1. Father Joseph SJ says:

    This should be sent into one of the Catholic Papers in t he country . .well done and well written. The bar is high, but, I would rather the bar be high and continue to attempt and jump it .giving the best that I could in life. .that is the rewarding factor. If you never try to clear the bar and continue to live in mediocrity, very little can be said. Great piece. Send it on.

  2. Maria says:

    Do we really need to use the former Rev Weakland as our guide? The Holy Mother Church has offered saints to guide the way.

  3. “Do we really need to use the former Rev Weakland as our guide?”


    Is that what Vincent is doing? Maybe read the article again.

  4. Virgilijus Kaulius says:

    Whereas in and of itself, on topic, excellent,
    it may communicate a possible slant to the topic
    with oscillating epistemology underpinning its
    logical concentric expansion…

    Since it is God himself in the historical person
    of Jesus that sets a high bar, it is not the
    Church that does so. Just because we too, like
    the Jews in Moses time, complain and find some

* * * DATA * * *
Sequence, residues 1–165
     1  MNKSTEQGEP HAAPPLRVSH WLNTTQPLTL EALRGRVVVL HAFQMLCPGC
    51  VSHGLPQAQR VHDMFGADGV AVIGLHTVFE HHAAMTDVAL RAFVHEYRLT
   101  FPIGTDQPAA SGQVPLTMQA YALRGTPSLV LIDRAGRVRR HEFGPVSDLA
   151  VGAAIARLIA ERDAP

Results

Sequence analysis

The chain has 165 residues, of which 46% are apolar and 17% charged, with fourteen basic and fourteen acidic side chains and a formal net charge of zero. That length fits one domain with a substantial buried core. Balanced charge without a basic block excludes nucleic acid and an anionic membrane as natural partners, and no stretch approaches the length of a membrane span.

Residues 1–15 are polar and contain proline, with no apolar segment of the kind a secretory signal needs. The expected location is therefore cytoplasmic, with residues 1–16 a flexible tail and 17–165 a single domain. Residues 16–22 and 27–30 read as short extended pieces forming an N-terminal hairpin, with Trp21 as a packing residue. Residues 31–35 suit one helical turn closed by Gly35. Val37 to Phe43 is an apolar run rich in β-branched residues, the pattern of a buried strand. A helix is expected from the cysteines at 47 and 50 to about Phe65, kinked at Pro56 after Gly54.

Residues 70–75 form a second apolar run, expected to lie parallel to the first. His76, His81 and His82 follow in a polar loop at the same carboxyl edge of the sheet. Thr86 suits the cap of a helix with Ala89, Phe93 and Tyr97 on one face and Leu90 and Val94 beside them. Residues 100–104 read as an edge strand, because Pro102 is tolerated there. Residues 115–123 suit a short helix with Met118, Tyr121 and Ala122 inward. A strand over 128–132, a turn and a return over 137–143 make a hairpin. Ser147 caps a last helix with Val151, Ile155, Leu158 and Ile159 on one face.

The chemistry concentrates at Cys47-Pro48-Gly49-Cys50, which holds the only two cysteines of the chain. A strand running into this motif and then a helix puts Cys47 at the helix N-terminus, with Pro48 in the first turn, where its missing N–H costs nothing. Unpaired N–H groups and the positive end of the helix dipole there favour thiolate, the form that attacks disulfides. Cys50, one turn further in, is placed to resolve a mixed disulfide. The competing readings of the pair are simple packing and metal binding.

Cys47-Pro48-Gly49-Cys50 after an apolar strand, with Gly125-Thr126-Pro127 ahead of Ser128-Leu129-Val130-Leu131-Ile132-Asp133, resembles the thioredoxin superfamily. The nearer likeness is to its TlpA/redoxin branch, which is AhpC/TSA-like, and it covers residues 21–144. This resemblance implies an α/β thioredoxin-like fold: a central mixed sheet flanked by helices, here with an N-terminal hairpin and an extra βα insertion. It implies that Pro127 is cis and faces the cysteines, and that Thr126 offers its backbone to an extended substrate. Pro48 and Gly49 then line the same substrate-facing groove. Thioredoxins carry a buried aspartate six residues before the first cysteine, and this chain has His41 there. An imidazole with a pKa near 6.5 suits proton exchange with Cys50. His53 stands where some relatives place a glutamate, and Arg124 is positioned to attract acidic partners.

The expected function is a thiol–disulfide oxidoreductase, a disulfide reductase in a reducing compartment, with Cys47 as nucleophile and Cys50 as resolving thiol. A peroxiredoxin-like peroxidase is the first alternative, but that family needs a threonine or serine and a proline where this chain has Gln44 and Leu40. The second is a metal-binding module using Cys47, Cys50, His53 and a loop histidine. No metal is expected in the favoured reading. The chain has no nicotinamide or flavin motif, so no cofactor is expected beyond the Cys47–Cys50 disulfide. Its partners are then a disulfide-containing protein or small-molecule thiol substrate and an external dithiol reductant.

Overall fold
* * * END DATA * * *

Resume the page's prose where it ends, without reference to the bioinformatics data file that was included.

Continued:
things hard to digest, does not mean they
    need to be watered down. After all, Jesus did
    die. And didn’t walk away from His Father’s will
    saying that’s just too hard to do, give me
    something easier! It just may be that we Americans
    have it right, and the Europeans wrong as the
    test of history will always prove whomever and
    whatever the case may be (!)

    Secondly, it is intstructive that all unearthed
    civilizations by anthropology, evidence some form
    of religion! And it is C.S. Lewis in “Till We Have
    Faces” that asserts history was preparing itself
    towards what finally emerged religiously, in the
    revelations of Chritianity, with especially Greek
    mythology positioning humankind for this
    eventuality, intellectually! So no longer
    does the Church need to take a back seat to any
    attacks on its spiritual assertions!

    Our task is to love God with a love which is from
    above, not from below! And which grows until all